A red star, five-pointed and filled (★), is an important symbol often associated with communist ideology, particularly in combination with hammer and sickle. It has been widely used in flags, state emblems, monuments, ornaments, and logos.
The five-pointed red star has often served since about 1917 as a symbol of communism. One interpretation sees the five points as representing the five fingers of the worker's hand, as well as the five continents. A lesser-known suggestion is that the five points on the star were intended to represent the five social groups that would lead Russia to communism: the youth, the military, the industrial labourers, the agricultural workers or peasantry and the intelligentsia.
A red star became one of the emblems, symbols and signals representing the Soviet Union under the rule of the Communist Party, along with, for example, the hammer and sickle. In Soviet heraldry, the red star symbolized the Red Army and the military service, as opposed to the hammer and sickle, which symbolized peaceful labour.
Different countries across Europe treat the symbol very differently: some have passed laws banning it by claiming that it represents "a totalitarian ideology", but other countries hold a very positive view of it as a symbol of antifascism and resistance against Nazi occupation.
Somewhat regardless of politics, the symbol is often seen as a representation of idealistic hope for the oppressed peoples, no matter how dire the conditions.
Red star Red Army 05.gif Red star, Red Army 1918
The star's origins as a symbol of a mass political movement date to the times of the Russian Civil War of 1917-1922 and the end of the First World War in 1918, but the precise first use remains unknown. It is most often thought[by whom?] that Russian troops fleeing from the Austrian and German fronts found themselves in Moscow in 1917 and mixed with the local Moscow garrison. To distinguish the Moscow troops from the influx of retreating front-liners, officers gave out tin stars to the Moscow garrison soldiers to wear on their hats. When those troops joined the Red Army and the Bolsheviks they painted their tin stars red, the color of socialism, thus creating the original red star.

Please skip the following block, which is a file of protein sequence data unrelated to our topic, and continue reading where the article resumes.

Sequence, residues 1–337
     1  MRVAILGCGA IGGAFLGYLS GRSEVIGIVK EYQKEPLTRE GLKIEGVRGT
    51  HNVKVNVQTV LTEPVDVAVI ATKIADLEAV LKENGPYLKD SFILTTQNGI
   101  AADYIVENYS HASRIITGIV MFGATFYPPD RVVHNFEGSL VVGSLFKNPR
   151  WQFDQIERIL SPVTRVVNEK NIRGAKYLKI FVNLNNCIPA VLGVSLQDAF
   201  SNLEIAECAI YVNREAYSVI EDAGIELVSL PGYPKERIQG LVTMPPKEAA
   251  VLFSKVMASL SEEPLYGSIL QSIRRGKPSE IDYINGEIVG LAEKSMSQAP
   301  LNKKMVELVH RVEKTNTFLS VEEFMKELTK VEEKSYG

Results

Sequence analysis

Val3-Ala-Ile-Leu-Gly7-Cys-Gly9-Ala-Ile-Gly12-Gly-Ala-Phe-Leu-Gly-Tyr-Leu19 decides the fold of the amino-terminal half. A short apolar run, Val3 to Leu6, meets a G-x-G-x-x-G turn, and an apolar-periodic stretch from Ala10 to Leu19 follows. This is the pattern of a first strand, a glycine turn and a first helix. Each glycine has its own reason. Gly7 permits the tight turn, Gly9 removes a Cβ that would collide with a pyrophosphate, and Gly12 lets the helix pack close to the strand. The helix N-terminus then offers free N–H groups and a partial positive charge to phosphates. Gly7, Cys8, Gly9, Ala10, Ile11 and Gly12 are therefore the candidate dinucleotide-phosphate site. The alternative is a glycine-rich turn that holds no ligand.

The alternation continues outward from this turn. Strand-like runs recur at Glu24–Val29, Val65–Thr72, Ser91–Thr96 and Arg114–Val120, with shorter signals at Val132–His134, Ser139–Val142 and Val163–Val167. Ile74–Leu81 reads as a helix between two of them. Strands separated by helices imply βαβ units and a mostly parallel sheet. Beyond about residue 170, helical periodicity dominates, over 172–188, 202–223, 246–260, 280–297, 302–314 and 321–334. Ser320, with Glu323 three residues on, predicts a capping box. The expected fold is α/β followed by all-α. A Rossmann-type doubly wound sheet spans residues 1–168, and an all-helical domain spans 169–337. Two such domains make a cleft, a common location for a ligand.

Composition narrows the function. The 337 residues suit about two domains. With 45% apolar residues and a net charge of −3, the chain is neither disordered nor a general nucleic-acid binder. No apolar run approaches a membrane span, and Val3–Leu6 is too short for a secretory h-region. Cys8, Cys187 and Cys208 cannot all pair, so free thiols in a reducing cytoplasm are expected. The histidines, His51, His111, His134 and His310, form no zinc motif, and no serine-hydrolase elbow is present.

Another claimed origin for the red star relates to an alleged encounter between Leon Trotsky and Nikolai Krylenko. Krylenko, an Esperantist, wore a green-star lapel badge; Trotsky enquired as to its meaning and received an explanation that each arm of the star represented one of the five traditional continents. On hearing that, Trotsky specified that soldiers of the Red Army should wear a similar, red, star. In a speech given by Trotsky in 1923, he mentions the red star:
For the seventh time since the overthrow of Tsardom, for the sixth time under the sickle and hammer of the Soviets and the Red star of battle
And the badge was used in the Red Army during the Civil War:
Immediately after the October revolution  all ranks of the 3rd Petrograd regiment wore their old uniforms but with shoulder-board removed and with Tsarist cap insignia replaced by the red star
Shortly before the founding of the Soviet Union, in mid-March 1916 the U.S. Army Signal Corps' aviation section used the red star for the national insignia for U.S. aircraft during the Pancho Villa Expedition on the aircraft of the Signal Corps' 1st Aero Squadron to apprehend the Mexican revolutionary, as just one instance of a series of interesting "crossovers" of American and Russian/Soviet military aircraft markings, during the 20th century's first three decades.
Orden-Pobeda-Marshal Vasilevsky 09.jpg Soviet Order of Victory, (1945), USSR
Red Star Plate by Adamovich 1921.jpg Plate by Adamovich, (1921), USSR
Following its adoption as an emblem of the Soviet Union, the red star became a symbol for communism in a larger sense. The symbol became one of the most prominent of the Soviet Union, adorning all official buildings, awards and insignia. Sometimes the hammer and sickle appeared depicted inside or below the star. In 1930 the Soviet Union established the Order of the Red Star and awarded its insignia to Red Army and Soviet Navy personnel for "exceptional service in the cause of the defense of the Soviet Union in both war and peace".
Several Communist states subsequently adopted the red star symbol, often placing it on their respective flags and coats of arms - for example on the flag of the Socialist Federal Republic of Yugoslavia. Separatist and socialist movements also sometimes adopted the red star, as on the Estelada flag in the Catalan countries.